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Some types of dogs seem to become more and more popular over time, and others are far less common than they were a decade ago. But some dogs are just plain scarce. In some cases, it's because these breeds are not generally found in the United States; other breeds are simply more recent mixes that might not have caught on just yet.
Whether they're wildly popular or totally uncommon, we love dogs, period, and we thought it would be fun to share a few of the dogs from our breed profiles that you aren't likely to run into on your morning walk. Have you heard of any of these pups?
Eva Maria Kramer, Animal Photography
Muscular and slender, the Chart Polski loves to run. He’s more protective and territorial than most sighthounds and was used as a hunting dog as early as the 1600s. The breed faced extinction in the 19th and 20th centuries, but the Polish Greyhound, as he’s also known, made a comeback in Poland in the 1980s.
A medium-size dog, the Pyr Shep can come with two types of coats. He's active, energetic and has energy to spare, which, paired with his alert nature, can make him either a great watchdog or a nuisance barker. He is the smallest of the French herding breeds.
The Entlebucher Mountain Dog is a devoted family pet who loves to have a job, but his aloofness with strangers, paired with a bark that’s big for his size, means he’s also an ideal watchdog. The intelligent Entle is the smallest of the four farm dogs native to Switzerland.
Sally Anne Thompson, Animal Photography
Originally a Norwegian farm dog, the Norwegian Buhund is a chatty dog known for his cheerful disposition and hardworking nature. These days, the active breed is often found working as a hearing assistance dog or participating as an agility or obedience athlete.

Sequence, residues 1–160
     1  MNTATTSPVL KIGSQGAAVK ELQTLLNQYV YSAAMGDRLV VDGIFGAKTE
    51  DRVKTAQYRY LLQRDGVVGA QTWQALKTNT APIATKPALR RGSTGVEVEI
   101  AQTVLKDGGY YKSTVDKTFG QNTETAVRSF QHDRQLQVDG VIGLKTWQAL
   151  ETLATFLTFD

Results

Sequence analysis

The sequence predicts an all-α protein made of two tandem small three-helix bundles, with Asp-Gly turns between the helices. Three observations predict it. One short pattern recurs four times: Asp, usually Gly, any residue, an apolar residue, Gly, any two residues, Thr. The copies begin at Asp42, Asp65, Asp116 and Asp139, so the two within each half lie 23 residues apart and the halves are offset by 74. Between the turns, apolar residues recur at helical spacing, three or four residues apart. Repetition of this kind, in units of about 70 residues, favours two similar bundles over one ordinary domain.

The Spanish Greyhound, also known as the Galgo Español, is a serious dog who is reserved with strangers but affectionate with his family. Get him hunting, however, and you’ll see his lively and energetic side. He’s a sighthound who was created to course rabbits and hares, but these days he’s far more likely to be a companion pet in his native Spain. In fact, he’s rarely found outside that country.
Sally Anne Thompson, Animal Photography
Equally strong on land and in water, the Large Munsterlander is a model hunting dog who can handle almost any terrain, no matter how rough, wet or cold it may be. He’s a popular gun dog in Europe, and with good reason — his tracking, pointing and retrieving instincts are very strong. This is a highly energetic breed, and even if you don’t hunt with your Large Munsterlander, you’ll need to find a constructive outlet for his vigor.
Nick Ridley, Animal Photography
Another Greyhound cross, the Lurcher is created by breeding a Greyhound with a Terrier, herding breed or large scenthound with the idea of bringing in greater tenacity, intelligence or scenting ability. The variability in breeding means there’s great variability in size — Lurchers can weigh anywhere from 35 to 100 pounds. These hunting dogs tend to be calm and affectionate, so long as there are no cats or other small, furry creatures nearby.
Eva-Maria Kramer, Animal Photography
The Tosa Ken is the definition of the strong, silent type. He was bred as a guardian breed from Japan and is often compared to a sumo wrestler. The Tosa was originally a fighting dog and is characterized by a massive head, wrinkled face and protective instincts. He’s also known by the names Tosa Dog, Tosa-Inu, Japanese Fighting Dog and Japanese Mastiff.
Sam Clark, Animal Photography
A descendant of the Borzoi, the Silken Windhound also claims genes from Whippets and Shelties but has become an entirely separate breed. As the name would suggest, this gentle dog has flowing, silky fur, which requires at least weekly brushing. Silkens are known for a fairly long lifespan, often living well into their teen years.
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